Hidalgo revealed to a chosen few his plans for an uprising of the natives and the overthrow of Spanish rule. He made Ignacio Allende, a native of San Miguel el Grande (now called in his honor San Miguel Allende), his trusted lieutenant in his schemes. The father of Allende was a Spaniard, his mother a Mexican. Although of good family and rich, he had devoted himself to the army and was captain of dragoons at thirty-one. Coming under the influence of Hidalgo, he heartily espoused the cause of Mexican Independence. He gained the confidence and adherence of two other officers of his regiment, Aldama and Abasalo, He was in correspondence with Independent clubs which, ostensibly as literary clubs, discussed the political situation in San Miguel and Queretaro. It was the apprehension of one of these "clubs" and the arrest of its leader, Don Miguel Dominguez, corregidor  of Queretaro, that precipitated the plans of Hidalgo.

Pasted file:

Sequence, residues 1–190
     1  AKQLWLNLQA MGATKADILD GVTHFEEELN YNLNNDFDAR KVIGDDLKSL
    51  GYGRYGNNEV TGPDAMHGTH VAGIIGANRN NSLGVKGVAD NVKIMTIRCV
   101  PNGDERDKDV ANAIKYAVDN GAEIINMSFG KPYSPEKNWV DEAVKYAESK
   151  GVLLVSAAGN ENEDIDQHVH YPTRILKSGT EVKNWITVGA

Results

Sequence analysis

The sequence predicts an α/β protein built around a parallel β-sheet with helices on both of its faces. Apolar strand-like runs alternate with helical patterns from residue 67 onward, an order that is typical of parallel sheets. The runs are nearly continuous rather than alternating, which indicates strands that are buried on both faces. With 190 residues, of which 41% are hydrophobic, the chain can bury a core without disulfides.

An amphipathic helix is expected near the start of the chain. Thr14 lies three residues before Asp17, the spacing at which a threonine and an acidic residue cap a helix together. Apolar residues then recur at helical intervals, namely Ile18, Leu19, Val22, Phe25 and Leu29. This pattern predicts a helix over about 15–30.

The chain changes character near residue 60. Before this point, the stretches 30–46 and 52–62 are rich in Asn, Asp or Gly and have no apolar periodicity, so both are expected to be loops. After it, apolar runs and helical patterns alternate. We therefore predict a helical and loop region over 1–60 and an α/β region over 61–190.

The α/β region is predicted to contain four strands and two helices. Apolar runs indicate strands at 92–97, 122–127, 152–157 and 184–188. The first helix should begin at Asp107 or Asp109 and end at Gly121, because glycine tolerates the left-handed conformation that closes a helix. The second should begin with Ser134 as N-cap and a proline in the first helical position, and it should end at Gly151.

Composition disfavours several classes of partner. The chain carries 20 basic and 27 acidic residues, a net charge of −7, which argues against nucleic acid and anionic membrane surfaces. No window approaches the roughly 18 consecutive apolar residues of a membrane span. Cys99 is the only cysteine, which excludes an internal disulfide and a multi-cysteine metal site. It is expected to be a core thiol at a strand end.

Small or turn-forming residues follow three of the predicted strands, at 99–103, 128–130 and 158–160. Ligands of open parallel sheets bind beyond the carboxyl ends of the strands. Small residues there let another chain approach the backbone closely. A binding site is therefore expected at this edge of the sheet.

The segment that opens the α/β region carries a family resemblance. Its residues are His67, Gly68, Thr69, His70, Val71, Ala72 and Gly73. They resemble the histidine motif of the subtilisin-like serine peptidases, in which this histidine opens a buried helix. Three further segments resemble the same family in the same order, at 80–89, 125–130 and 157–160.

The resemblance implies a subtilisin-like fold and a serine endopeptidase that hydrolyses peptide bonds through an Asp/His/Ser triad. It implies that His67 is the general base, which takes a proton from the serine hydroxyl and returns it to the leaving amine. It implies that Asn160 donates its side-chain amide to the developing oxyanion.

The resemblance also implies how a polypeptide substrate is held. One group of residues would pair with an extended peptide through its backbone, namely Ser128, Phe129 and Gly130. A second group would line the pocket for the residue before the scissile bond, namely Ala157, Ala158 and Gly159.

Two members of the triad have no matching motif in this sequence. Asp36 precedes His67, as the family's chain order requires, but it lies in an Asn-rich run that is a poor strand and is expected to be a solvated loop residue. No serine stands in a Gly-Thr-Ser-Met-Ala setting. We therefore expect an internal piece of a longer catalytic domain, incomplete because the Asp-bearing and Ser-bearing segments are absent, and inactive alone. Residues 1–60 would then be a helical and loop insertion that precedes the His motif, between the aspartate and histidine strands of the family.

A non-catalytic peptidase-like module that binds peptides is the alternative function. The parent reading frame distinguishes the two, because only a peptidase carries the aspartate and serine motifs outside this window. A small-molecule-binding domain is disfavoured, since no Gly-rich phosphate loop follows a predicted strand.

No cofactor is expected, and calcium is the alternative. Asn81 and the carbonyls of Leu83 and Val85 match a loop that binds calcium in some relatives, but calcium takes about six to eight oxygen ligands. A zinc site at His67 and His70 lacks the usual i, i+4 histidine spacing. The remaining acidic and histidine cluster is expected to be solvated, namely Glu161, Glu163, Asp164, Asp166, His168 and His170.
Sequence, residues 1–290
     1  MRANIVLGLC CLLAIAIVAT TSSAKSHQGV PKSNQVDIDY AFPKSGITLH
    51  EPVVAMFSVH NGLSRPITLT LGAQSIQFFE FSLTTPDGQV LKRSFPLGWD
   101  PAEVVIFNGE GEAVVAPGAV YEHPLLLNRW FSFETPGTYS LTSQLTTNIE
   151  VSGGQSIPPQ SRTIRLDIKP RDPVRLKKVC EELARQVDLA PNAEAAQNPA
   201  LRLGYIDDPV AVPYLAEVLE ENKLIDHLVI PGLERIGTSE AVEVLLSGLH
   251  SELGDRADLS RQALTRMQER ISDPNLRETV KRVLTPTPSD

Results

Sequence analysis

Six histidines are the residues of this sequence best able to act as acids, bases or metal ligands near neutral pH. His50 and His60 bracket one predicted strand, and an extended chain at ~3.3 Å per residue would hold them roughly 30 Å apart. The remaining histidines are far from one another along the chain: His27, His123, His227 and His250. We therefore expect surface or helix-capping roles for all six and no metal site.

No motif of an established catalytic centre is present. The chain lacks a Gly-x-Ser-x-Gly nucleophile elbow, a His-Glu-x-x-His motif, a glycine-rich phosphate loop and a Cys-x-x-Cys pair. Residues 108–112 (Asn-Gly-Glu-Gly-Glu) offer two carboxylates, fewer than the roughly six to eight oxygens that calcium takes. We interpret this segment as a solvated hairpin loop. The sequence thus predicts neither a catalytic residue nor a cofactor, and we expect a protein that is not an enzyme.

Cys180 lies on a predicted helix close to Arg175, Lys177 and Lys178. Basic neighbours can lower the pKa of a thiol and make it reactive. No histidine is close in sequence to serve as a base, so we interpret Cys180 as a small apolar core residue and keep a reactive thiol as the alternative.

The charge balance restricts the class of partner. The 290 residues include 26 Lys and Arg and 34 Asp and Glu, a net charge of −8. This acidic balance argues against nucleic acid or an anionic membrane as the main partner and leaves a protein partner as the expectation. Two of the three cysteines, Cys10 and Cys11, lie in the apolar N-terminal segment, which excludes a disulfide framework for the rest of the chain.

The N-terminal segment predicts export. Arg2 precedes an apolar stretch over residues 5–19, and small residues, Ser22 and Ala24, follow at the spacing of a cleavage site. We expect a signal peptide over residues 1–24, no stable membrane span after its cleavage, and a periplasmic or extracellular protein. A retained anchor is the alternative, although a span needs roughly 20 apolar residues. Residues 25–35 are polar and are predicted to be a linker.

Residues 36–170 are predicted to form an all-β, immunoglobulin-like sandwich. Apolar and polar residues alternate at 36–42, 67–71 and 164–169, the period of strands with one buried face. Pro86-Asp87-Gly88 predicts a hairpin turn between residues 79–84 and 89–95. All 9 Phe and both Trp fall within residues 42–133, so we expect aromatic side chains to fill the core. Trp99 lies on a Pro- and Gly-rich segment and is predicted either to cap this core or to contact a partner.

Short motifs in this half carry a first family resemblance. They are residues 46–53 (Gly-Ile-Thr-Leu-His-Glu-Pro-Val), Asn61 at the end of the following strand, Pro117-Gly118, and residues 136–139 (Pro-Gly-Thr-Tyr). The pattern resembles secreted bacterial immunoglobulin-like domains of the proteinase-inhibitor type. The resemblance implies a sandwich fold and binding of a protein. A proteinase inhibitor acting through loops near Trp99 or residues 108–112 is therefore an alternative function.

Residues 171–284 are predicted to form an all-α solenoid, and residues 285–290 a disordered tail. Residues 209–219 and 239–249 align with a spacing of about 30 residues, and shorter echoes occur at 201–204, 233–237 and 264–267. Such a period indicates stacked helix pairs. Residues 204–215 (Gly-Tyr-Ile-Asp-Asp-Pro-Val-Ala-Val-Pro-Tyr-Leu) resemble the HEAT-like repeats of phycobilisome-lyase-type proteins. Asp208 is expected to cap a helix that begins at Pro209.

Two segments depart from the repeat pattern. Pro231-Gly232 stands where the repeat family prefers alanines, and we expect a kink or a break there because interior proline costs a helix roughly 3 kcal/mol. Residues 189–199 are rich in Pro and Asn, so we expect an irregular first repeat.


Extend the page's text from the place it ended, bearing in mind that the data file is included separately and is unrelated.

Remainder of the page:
Awakened at two o'clock on the morning of the 16th of September, 1810 (the day ever since regarded as the birthday of Mexican Independence), either by Allende or Aldama, and advised that the club at Queretaro had been suppressed and that its leader was in prison, and that imprisonment awaited him in a few hours unless he could save himself by battle or flight, Hidalgo sprang from bed, called his friends to his aid, and with ten armed men captured the prison of Dolores, liberated the prisoners, and armed them with swords. Then celebrating the mass in his church, he revealed his plans to all the countrymen as they came in. By these means by daybreak he had gathered about him a devoted body of men and had fired them with zeal for the independence of their country. All Spaniards in the village were secured, and then the cura  and his followers set out on the road to San Miguel.